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My understanding is that most Ashkenazic communities today don't eat green beans on Passover, treating them as kitniyot (a bunch of legumes for which the custom arose to avoid on Passover). What's the earliest source/discussion on this?

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When it comes to Pesach, you can find customs prohibiting almost anything, from potatoes to carrots to coffee. Are you looking specifically for an opinion that green beans are kitniyos? – Matt Mar 18 '15 at 6:30

Sefer She'arim HaMetzuyanim BeHalacha (published appx 1950), commenting on the Kitzur Shulchan Aruch (Siman 117, Si'if Katan 7), mentions that green beans and, apparently, peas, may be considered Kitniyos as well.

http://hebrewbooks.org/pdfpager.aspx?req=14619&st=&pgnum=113

I have since found online in the name of Rabbi Elazar M'Vermiza רבי אלעזר מוורמייזא that he said in a Pesach Drasha that we do not eat "Polin V'Adashim" since there is wheat mixed in with them.

בדרשה לפסח של רבי אלעזר מוורמייזא הוא מספר בקצרה "ומה שאין אוכלין פולין ועדשים, מפני שיש בהן חיטין"

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Hm, it seems like every source he's quoting is saying green beans should be okay, no? – Shalom Mar 24 '11 at 19:57
    
Read it again.. – Gershon Gold Mar 24 '11 at 20:26
    
Wikipedia: Green beans are the unripe fruit of any kind of bean ... varieties have been bred especially for ... their pods. Here's my reading of the source: "Yad Yitzchak prohibited legumes that are still green and in their pods, but the immature ones, i.e. pods in which the seeds haven't sprouted, were allowed ... they weren't included in the prohibition and it makes no sense for the prohibition to apply to them ... See Maharash who prohibited legumes-in-the-pod, but the pods alone weren't a question ... see similarly in Eshel Avraham ... – Shalom Mar 25 '11 at 13:01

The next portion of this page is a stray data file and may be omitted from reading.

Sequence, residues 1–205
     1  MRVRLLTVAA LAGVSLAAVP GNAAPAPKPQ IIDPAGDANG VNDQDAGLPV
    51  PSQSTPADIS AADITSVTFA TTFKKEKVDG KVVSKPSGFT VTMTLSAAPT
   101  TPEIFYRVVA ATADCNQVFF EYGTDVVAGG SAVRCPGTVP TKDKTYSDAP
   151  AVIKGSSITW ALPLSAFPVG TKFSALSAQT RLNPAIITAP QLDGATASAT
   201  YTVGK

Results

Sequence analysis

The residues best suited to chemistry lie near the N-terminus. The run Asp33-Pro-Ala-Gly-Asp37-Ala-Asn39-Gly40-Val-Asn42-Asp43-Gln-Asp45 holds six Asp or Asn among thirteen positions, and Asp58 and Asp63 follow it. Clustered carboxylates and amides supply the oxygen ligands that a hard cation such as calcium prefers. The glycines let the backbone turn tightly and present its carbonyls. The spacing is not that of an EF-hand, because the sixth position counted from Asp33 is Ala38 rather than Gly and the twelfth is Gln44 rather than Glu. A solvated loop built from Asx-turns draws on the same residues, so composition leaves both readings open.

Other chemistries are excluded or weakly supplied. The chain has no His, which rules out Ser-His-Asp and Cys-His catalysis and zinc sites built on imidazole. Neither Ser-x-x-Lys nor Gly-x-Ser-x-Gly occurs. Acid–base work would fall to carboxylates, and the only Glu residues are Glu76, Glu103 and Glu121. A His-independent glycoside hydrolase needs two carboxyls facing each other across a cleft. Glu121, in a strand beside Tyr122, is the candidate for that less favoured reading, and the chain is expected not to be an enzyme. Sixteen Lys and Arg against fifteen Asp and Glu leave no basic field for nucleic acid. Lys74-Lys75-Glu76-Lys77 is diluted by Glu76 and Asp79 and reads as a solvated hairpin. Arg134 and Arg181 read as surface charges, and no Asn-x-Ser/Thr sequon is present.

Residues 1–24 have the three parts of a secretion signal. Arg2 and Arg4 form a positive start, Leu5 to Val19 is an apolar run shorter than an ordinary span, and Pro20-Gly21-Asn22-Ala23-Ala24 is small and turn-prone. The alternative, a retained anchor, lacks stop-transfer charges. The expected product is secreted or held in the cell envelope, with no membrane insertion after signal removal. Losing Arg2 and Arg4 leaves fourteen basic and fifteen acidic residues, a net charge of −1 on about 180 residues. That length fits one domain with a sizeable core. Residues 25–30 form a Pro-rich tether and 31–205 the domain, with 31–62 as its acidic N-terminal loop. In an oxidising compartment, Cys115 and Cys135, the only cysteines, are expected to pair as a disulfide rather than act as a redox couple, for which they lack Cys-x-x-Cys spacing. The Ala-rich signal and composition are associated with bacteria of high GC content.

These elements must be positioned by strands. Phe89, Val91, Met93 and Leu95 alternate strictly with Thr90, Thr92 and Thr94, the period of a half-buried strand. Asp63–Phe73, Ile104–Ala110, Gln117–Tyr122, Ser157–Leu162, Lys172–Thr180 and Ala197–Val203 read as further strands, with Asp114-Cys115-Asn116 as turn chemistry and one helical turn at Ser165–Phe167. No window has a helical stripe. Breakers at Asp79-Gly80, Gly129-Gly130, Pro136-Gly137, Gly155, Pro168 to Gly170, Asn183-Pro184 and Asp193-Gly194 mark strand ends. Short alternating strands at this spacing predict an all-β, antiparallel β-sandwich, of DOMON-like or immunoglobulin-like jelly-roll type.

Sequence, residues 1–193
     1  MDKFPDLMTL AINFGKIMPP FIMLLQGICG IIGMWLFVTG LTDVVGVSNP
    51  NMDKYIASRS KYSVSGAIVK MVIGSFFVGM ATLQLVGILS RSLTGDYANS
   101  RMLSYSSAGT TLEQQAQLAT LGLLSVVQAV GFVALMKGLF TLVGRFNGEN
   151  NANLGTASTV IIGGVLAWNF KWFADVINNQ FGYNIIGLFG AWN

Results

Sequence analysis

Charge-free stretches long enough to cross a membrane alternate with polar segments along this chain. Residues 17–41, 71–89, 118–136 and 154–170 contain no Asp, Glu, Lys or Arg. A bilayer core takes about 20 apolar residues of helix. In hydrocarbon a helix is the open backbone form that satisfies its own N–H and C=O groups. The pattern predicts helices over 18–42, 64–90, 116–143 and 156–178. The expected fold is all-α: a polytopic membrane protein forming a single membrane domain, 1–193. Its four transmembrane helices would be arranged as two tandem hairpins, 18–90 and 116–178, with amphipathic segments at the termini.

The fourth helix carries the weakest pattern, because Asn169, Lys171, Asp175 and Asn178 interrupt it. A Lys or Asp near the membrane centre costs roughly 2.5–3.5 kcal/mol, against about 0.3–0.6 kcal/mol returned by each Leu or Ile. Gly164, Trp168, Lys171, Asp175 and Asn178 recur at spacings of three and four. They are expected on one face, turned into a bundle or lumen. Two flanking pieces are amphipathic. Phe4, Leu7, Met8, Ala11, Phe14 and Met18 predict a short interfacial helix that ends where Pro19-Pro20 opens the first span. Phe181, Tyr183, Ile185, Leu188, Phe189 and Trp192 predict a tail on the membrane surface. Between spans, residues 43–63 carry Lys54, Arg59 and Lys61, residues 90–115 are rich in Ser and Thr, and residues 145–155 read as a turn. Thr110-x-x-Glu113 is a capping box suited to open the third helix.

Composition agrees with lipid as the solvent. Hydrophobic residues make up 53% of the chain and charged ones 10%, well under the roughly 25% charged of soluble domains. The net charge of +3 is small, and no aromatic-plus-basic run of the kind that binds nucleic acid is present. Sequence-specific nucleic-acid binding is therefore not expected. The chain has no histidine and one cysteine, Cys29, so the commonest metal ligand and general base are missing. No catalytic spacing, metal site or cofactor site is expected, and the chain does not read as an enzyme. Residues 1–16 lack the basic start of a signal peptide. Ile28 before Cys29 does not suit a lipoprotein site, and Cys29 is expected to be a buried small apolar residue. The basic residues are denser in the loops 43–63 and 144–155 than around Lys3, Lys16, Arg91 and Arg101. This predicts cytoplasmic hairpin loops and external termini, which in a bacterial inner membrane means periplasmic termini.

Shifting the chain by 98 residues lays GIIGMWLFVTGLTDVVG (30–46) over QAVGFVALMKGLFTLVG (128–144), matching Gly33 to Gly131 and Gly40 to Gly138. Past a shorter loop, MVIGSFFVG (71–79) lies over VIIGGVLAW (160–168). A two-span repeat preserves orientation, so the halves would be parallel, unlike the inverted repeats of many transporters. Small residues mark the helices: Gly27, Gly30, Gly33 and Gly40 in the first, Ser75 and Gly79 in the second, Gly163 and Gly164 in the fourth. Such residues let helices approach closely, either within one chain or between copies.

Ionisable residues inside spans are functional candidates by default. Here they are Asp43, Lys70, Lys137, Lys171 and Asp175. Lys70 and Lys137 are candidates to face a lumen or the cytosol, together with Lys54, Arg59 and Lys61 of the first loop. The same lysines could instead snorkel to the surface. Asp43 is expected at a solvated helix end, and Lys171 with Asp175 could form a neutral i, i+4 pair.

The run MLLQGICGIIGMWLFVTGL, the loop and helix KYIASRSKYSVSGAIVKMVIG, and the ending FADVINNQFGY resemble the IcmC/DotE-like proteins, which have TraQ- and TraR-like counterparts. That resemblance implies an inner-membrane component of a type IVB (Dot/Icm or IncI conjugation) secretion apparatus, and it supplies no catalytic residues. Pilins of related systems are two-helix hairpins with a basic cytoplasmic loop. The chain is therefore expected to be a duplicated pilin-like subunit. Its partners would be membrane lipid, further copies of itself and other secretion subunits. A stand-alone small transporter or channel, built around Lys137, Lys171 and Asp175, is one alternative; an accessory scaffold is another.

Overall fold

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I spoke over this question with Rav Ephraim Greenblatt. He was clueless as to why anyone would say that green-beans are kitniyos. He seemed unaware that people did not eat them on Pesach. I spoke to Dayan Fuerst (of Chicago) about it one Purim and (I do not believe he was being serious) he said "It's because they are called beans! Another point: Shearim Metzuyanim BeHalacha and other recent "Likut Seforim" and responsa call it "Gezeiras Kitniyos". There never was a gezeirah. Rav Moshe Feinstein explains that the Rabbanim were manhig (led, guided) their followers to not eat it. It is a minhag. – Yahu Mar 25 '11 at 13:41
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Why do you translate פולין as green-beans and עדשים as peas??? – Double AA Mar 20 '15 at 5:04

Greenbeans are technically the fruit of P. vulgaris, a plant whose cultivars produce kidney beans, navy beans, and pinto beans, which are considered kitniyot in common Ashkenazi practice.

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I don't understand how this answers the question. Leaves aren't Kitniyot. How do you know pods, which can't be ground into flour and don't resemble wheat in any way, are Kitniyot? – Double AA Jun 6 at 15:29
    
@DoubleAA, the pods contain beans, which may be dried and ground into flour. – Noach MiFrankfurt Jun 6 at 16:30
    
Is that true? How do you know that? And did anyone do that? Does anyone do that? Just because there is a mini-bean-fetus in there doesn't make it a fruit. Seemingly you couldn't separate Maaser yet, for instance. It's not Pol HaLavan / Shlish Giddul, I'd think. – Double AA Jun 6 at 16:39
    
@DoubleAA, I can't prove it, because I can't scan a greenbean (3d) into my computer. However, this is my experience in eating greenbeans for most of my life. Furthermore, when have Pesach chumrot been logical or specifically halachic in nature? – Noach MiFrankfurt Jun 6 at 16:43
    
I don't understand your comment. Your eating green beans doesn't show they can be ground into flour (or that anyone has done so), and if your argument is merely "nothing makes sense" then it doesn't answer the question. – Double AA Jun 6 at 16:45

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